Name: Yesid Salazar
DOB: November 2, 1986
The Columbian native spent the 2005 season in the Venezuelan Summer League, going 2-6 with a 4.66 ERA and two saves over 16 games, including five starts.
In 46.1 innings, he allowed 45 hits, walked 22, plunked eight batters, and struck out 39.
Brought to Peoria, Arizona as an 18-year-old, Salazar stayed in town to play for the Arizona Rookie League Padres.
The progression he made through the year was obvious. After posing a 4.89 ERA and 2-3 record over June and July, Salazar went 2-0 with a 2.86 ERA over his final five outings, including his last four which saw him yield five earned over 18 frames.
Where he really excelled was the rotation. He was 3-1 with a 3.07 ERA when he started but 1-2 with a 7.71 ERA in relief. The extra warm-up time produced zero runs allowed in the first inning of his eight starts.
"When we went from the eight-man rotation and into the four-man rotation, and he knew he was going to be getting the ball every five days with the off-day he was always in the gym working and much more serious about what he was doing out there," Eugene pitching coach Dave Rajsich said.
The right-hander saw time at three different affiliates in 2007, posting a 4.50 ERA in short-season Eugene before being demoted to Arizona. He wound up dominating the Arizona Rookie League with a 1.17 ERA.
"He came back with a lot more confidence," said Rajsich. "In Eugene he didn't do so well – overthrowing, up in the zone, trying to throw it past college hitters. When he came back down after failing, he said I want the ball and I gave it to him in the ninth inning. He pitched dynamite. He was outstanding. He was focused. And that was key. That is what you look for in terms of improvement."
Down the stretch, Salazar was promoted to Low-A Fort Wayne and worked out of the pen as a long reliever, going 2-0 with a 2.38 ERA.
"His thing was getting the fastball down in the zone and keeping it down and throwing strikes," 2007 Fort Wayne pitching coach Wally Whitehurst said. "He gave us a big boost out of the pen. He is very aggressive. He gets in there and throws the ball; he is not afraid to take the mound."
He proved to be a hard worker in the weight room and reshaped his body to add strength and flexibility. The result was improved mechanics and some extra ticks on the fastball.
"Salazar worked his butt off," said Rajsich. "This kid really turned it on in the second half."
The right-hander did hang more pitches than he would have liked and caught too much of the plate with his fastball early on instead of locating it on the lower half of the plate.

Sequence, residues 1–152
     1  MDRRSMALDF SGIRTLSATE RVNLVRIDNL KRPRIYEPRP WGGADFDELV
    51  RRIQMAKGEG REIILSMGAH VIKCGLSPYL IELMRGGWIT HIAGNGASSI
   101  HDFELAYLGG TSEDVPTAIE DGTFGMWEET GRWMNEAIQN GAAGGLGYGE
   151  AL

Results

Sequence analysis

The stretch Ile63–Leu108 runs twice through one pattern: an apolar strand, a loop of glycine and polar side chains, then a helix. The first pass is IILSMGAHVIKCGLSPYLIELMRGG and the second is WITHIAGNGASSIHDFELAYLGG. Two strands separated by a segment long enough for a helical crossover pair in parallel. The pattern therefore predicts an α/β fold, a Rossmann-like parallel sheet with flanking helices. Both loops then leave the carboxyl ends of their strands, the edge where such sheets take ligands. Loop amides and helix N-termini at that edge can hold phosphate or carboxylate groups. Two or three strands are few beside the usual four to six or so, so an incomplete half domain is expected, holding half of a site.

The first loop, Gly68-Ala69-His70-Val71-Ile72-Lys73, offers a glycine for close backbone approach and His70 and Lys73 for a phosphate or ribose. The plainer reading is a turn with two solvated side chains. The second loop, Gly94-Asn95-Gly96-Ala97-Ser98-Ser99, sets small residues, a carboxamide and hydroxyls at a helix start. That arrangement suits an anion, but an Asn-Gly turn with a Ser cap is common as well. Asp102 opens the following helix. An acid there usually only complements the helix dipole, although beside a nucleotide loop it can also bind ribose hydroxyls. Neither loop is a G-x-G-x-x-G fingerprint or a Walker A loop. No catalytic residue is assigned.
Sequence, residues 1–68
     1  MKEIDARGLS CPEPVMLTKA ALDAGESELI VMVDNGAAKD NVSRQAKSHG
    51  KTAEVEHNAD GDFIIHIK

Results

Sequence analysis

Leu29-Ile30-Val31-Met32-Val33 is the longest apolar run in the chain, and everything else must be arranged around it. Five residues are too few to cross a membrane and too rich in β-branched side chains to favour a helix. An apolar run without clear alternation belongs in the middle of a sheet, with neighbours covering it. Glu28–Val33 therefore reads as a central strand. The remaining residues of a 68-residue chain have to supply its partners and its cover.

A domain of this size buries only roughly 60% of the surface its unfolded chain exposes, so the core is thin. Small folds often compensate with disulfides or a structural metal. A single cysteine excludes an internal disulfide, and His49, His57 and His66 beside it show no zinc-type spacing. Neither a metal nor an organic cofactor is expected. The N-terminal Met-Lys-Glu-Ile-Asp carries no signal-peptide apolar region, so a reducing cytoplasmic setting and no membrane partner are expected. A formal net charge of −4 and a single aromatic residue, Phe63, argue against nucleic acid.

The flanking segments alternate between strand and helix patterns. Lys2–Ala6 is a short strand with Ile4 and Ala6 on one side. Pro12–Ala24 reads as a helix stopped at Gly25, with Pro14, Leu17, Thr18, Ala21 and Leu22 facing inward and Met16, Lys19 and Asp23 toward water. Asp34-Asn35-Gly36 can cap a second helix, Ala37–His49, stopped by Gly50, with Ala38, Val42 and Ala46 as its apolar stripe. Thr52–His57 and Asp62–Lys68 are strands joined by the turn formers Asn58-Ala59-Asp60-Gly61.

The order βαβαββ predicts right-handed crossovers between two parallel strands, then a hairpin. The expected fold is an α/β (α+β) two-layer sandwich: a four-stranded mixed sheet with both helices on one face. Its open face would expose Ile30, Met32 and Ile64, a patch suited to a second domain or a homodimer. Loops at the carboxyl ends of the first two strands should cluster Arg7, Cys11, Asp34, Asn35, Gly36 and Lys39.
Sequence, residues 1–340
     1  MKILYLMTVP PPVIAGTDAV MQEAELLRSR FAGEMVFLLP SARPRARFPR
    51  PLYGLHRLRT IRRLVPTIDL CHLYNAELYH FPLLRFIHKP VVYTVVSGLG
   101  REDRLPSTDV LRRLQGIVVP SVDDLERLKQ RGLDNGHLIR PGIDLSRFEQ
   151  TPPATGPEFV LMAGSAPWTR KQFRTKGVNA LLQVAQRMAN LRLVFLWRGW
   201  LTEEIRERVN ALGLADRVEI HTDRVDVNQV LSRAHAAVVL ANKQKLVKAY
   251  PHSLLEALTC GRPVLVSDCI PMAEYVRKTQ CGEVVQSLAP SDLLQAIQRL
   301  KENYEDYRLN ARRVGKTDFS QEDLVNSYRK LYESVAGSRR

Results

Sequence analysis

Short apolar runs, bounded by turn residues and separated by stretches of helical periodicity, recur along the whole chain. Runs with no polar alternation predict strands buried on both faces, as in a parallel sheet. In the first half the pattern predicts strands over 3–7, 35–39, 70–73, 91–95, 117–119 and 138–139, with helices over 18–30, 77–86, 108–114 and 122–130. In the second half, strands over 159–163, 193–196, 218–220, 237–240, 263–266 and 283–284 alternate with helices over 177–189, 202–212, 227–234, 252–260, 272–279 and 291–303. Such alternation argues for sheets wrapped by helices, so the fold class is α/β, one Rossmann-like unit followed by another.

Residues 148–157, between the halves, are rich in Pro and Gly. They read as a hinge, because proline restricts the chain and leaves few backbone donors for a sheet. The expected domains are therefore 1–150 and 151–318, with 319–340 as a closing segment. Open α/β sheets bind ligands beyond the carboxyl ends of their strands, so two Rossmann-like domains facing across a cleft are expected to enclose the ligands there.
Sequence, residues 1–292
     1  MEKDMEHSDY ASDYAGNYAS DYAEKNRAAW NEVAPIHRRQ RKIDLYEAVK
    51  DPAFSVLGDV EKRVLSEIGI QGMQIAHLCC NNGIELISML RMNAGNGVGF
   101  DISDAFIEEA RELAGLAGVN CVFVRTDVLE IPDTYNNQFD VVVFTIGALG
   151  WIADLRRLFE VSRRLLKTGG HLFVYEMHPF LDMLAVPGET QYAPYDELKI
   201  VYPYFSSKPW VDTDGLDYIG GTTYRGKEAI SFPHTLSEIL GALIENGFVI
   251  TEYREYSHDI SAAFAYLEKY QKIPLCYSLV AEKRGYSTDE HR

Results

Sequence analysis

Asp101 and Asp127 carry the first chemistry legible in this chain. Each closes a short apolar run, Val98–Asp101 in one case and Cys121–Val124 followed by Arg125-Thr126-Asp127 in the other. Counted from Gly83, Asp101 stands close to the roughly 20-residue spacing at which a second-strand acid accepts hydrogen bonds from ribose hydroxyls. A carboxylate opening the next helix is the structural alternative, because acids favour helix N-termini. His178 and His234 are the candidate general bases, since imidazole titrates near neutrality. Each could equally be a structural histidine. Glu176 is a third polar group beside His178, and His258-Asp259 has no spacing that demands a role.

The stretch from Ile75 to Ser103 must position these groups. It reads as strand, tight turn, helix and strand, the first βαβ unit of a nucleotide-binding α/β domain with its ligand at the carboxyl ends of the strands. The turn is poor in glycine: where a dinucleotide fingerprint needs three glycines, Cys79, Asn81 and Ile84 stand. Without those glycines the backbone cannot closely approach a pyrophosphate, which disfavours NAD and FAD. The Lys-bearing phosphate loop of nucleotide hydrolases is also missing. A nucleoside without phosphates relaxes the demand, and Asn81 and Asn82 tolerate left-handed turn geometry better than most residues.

When he is excelling, Salazar is getting hitters to swing over the top of his pitches and producing ground ball outs.
The Columbian native features a fastball that hits 92-93 MPH and is consistently 89-91. Command of the pitch has been one of his strengths, as he locates the ball well to both sides of the plate.
Salazar has a very good curveball that he drops in to both right-handers and left-handers. It has tight spin and good tilting action with a chance to be a true plus pitch. It has good looping action and comes in at a hitter nearly 20 MPH slower than his fastball, ranging from 71-74 MPH.
There are times when Salazar's balance on the mound is off-center and his front shoulder flies opening, flattening out his pitches. When he keeps proper balance and mechanics, the breaking ball is at its deadliest. The problem has been consistency.
The development of his changeup has enabled him to get even more groundball outs. It has improved tenfold from when he first arrived in the states and throws off a hitters timing.
"He is a groundball guy and fits our profile of guys that go after guys and try to get outs with three pitches or less," said Randy Smith, the Padres director of international and professional scouting. "I thought his stuff was a little crisper."
Salazar also has a slider that he tosses to right-handed hitters, but it is a pitch that he rarely flashes, especially when he comes in as a reliever.
"I think he is starting to figure it out," said Rajsich. "That is going to be a big factor."
Salazar has settled in with his role as a reliever but has a deep enough repertoire to be considered for a rotational role. He attacks hitters and is not afraid to pitch inside, making him a candidate for an expanded role in the future.
ETA: The right-hander has to enter each year with confidence and has struggled, at times, with overthrowing when he enters a new league. If he can stay consistent mechanically and keep the ball down, there will be a future for him. The 2008 season will be a big one in determining his fate.